In the first iteration of the Groundwork FutureIsNow speaker series, Victor Dover, nationally recognized change maker in city and street design, presented best practices for innovative designs that push developers to retrofit suburbia, and to look for ways to use existing properties instead of expansive searches for “new” land. Dover also explained that zoning laws can limit innovative housing practices, restricting use of space and the types of housing that can be built in certain areas.
His approach requires swaying public opinion on growth and density by pursuing a gentle density that maintains the architectural integrity and natural beauty of an area. “When you sell isolation, each addition takes away from what you are selling,” said Dover. “You can combat this by selling community.”
He relates this to how commercial zoning is a significant factor affecting land shortages within Northwest Arkansas. Main thoroughfares such as 71b and 412 are exclusively zoned for commercial use, preventing the expansion of housing options. “Dead malls and shopping centers are plentiful,” said Dover. “Approximately 22.2% of land [in Northwest Arkansas] is zoned for commercial use, where 4 to 10% is optimal.”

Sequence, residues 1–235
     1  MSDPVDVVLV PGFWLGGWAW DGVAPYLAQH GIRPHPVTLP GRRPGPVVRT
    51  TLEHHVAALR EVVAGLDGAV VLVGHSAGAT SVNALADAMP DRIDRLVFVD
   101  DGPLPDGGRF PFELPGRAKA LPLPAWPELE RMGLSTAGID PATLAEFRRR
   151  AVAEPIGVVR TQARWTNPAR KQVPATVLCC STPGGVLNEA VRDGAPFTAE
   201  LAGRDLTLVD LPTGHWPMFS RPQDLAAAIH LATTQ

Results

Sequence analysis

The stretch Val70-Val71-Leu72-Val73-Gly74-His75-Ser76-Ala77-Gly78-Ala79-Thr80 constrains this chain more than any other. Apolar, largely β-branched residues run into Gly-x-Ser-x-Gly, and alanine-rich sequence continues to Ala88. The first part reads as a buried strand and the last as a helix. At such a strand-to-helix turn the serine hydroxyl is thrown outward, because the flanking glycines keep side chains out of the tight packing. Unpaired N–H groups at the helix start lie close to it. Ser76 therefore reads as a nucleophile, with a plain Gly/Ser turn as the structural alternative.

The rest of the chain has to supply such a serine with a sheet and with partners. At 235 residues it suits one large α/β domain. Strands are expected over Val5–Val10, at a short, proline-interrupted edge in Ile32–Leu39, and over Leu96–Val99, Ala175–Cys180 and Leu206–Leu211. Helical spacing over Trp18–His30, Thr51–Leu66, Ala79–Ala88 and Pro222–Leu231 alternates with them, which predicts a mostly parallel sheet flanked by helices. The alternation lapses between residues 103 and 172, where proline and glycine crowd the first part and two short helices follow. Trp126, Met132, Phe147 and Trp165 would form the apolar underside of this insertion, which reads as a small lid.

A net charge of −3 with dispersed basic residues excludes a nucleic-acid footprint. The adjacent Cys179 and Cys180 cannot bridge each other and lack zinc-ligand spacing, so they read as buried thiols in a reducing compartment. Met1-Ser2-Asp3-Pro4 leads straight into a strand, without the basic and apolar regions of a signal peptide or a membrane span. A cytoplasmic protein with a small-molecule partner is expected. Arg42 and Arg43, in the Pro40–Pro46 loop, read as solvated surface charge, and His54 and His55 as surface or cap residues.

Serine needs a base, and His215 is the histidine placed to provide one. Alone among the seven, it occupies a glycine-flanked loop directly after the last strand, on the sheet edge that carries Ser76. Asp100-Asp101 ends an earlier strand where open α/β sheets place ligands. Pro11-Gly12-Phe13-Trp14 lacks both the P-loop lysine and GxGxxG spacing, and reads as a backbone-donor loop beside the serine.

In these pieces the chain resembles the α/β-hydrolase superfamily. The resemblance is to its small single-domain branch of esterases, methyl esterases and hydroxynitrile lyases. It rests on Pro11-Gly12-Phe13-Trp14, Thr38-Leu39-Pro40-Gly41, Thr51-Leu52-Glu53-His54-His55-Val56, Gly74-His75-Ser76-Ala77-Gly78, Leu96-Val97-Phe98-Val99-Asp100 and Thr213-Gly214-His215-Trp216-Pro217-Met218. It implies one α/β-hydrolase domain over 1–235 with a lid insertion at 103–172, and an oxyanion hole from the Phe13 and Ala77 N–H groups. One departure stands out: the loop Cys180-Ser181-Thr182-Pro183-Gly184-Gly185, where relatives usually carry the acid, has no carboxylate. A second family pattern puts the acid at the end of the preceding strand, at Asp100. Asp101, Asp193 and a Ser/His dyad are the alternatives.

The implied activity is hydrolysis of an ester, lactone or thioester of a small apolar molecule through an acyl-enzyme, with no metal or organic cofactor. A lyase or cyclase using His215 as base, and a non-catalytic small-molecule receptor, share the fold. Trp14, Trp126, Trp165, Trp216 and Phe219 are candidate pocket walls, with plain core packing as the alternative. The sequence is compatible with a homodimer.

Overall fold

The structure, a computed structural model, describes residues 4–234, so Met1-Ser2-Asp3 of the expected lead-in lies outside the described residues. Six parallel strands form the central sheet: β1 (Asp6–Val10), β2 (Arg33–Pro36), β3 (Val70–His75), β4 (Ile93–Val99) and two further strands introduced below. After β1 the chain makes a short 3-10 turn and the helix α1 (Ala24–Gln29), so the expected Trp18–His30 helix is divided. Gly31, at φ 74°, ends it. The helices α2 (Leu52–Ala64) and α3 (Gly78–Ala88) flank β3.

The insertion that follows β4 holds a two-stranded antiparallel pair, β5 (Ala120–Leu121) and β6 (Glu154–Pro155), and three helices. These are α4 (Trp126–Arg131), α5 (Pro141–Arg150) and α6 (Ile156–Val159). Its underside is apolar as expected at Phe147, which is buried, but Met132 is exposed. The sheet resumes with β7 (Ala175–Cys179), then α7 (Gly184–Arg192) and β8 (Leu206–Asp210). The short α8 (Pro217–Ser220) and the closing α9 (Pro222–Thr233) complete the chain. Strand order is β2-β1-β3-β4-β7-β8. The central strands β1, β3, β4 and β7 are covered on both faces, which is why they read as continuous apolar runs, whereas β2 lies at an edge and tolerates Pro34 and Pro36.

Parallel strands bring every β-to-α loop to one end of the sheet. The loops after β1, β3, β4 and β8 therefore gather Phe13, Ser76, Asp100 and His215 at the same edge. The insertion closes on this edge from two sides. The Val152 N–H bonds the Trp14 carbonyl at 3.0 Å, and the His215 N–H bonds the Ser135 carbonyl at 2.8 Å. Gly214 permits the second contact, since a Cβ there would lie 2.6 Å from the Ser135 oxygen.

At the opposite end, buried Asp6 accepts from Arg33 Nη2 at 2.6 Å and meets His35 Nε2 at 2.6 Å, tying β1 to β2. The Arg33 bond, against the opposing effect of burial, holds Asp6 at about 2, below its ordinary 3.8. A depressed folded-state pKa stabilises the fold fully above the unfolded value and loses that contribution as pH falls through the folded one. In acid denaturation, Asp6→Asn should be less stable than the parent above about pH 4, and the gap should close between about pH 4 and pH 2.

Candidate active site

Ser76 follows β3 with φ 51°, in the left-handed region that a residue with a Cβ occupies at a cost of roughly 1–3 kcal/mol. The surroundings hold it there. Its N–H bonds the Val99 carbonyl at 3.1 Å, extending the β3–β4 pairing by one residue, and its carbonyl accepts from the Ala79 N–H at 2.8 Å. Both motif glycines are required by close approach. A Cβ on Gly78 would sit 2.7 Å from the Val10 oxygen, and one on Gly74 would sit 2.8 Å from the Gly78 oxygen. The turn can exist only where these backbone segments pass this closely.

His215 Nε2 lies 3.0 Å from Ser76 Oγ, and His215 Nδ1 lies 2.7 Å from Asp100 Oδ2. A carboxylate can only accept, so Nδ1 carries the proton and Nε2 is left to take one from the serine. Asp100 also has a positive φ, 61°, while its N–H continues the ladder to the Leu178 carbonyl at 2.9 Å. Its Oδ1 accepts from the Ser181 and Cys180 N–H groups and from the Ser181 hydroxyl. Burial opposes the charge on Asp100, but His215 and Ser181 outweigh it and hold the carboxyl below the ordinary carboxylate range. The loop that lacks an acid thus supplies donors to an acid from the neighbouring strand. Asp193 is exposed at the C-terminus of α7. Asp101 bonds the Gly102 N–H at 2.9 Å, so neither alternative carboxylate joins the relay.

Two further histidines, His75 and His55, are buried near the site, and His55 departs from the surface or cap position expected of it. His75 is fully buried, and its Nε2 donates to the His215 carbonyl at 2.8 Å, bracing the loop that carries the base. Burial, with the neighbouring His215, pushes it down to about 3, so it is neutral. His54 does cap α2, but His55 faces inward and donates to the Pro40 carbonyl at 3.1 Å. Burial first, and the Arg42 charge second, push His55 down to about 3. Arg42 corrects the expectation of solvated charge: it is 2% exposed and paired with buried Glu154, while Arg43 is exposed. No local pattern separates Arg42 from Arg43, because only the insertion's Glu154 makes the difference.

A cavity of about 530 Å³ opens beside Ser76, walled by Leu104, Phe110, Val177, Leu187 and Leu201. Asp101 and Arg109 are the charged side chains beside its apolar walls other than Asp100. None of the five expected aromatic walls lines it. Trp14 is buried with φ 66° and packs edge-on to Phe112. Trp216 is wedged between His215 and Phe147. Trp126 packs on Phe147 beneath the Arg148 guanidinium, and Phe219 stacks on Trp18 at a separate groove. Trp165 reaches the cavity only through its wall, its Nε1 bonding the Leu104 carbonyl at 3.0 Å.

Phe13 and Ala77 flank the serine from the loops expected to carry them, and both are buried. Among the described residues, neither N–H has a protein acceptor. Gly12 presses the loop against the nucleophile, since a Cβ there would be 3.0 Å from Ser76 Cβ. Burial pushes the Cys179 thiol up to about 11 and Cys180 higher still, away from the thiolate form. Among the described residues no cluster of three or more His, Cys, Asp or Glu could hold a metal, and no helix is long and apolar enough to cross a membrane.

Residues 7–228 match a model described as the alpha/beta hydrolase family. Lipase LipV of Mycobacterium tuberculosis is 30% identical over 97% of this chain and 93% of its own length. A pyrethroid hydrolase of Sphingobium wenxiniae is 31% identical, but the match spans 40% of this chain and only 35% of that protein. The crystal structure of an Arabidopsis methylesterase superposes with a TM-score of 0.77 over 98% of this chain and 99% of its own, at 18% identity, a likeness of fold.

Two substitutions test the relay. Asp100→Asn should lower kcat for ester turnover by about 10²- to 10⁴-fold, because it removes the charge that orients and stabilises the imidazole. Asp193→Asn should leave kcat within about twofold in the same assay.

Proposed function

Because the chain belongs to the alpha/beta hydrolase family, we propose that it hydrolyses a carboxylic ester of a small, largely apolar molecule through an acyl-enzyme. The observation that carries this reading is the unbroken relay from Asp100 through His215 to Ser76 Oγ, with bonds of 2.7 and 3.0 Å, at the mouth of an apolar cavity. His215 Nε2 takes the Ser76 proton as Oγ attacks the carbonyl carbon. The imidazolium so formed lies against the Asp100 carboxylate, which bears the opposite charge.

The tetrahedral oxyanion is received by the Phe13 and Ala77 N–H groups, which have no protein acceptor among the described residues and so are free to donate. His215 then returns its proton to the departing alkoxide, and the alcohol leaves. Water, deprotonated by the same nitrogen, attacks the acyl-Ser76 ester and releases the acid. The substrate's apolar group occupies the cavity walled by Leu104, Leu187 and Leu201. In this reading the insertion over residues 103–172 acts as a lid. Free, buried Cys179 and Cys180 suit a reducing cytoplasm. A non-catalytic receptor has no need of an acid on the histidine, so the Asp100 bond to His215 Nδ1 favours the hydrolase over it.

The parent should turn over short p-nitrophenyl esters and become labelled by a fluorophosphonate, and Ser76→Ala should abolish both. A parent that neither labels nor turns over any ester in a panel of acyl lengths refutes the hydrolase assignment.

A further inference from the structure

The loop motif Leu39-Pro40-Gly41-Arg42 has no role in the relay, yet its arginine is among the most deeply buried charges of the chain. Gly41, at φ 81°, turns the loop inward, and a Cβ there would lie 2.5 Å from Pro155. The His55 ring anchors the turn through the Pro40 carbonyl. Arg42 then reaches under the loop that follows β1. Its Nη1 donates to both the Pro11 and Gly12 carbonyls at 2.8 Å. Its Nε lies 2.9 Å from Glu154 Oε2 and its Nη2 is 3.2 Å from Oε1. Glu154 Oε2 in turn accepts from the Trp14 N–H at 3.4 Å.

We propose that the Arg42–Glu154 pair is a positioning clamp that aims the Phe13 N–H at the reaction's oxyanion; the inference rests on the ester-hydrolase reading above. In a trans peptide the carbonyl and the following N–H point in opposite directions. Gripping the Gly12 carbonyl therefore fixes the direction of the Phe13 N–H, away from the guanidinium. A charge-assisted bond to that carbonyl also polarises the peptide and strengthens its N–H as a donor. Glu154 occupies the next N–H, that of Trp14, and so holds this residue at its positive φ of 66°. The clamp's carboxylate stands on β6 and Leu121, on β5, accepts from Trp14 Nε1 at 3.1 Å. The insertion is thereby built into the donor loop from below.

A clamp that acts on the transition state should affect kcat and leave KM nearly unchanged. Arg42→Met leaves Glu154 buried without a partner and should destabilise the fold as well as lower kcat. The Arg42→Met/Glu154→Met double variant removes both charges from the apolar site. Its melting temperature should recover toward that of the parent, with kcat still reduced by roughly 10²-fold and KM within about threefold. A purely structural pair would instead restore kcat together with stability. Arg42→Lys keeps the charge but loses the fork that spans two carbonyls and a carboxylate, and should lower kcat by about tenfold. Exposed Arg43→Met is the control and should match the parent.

According to Dover, per unit land costs can only be decreased through expanding land productivity through innovative developments. Dover presented examples of these developments including live-work units in Atlanta and Wheeler, Oklahoma, and historical garden apartments, all of which were his designs. These developments increase land productivity while maintaining the local aesthetic and accommodating for community growth.
In an era of rapidly rising rent, 21 million Americans are cost burdened because of housing. In Rogers, an estimated 53% of a family’s household budget is spent on housing. Victor presented one way to combat this burden, by reforming current zoning codes and focusing on a design-first approach to development that promotes innovative community growth within the lands we are already familiar with.
Dover is currently serving as the National chair for the Congress of New Urbanism. He also co-authored “Street Design,” and is currently working on a second novel discussing contemporary land use practices.
The disparity of workforce housing is a complex issue, requiring a holistic approach. Groundwork gathered a diverse group of experts on topics ranging from innovative city planning to financial literacy for the FutureIsNow speaker series. The speakers shared inventive solutions to the workforce housing issues facing Northwest Arkansas and aimed to educate community members on the importance of attainable housing within an inclusive community.
Written by: Payton Willhite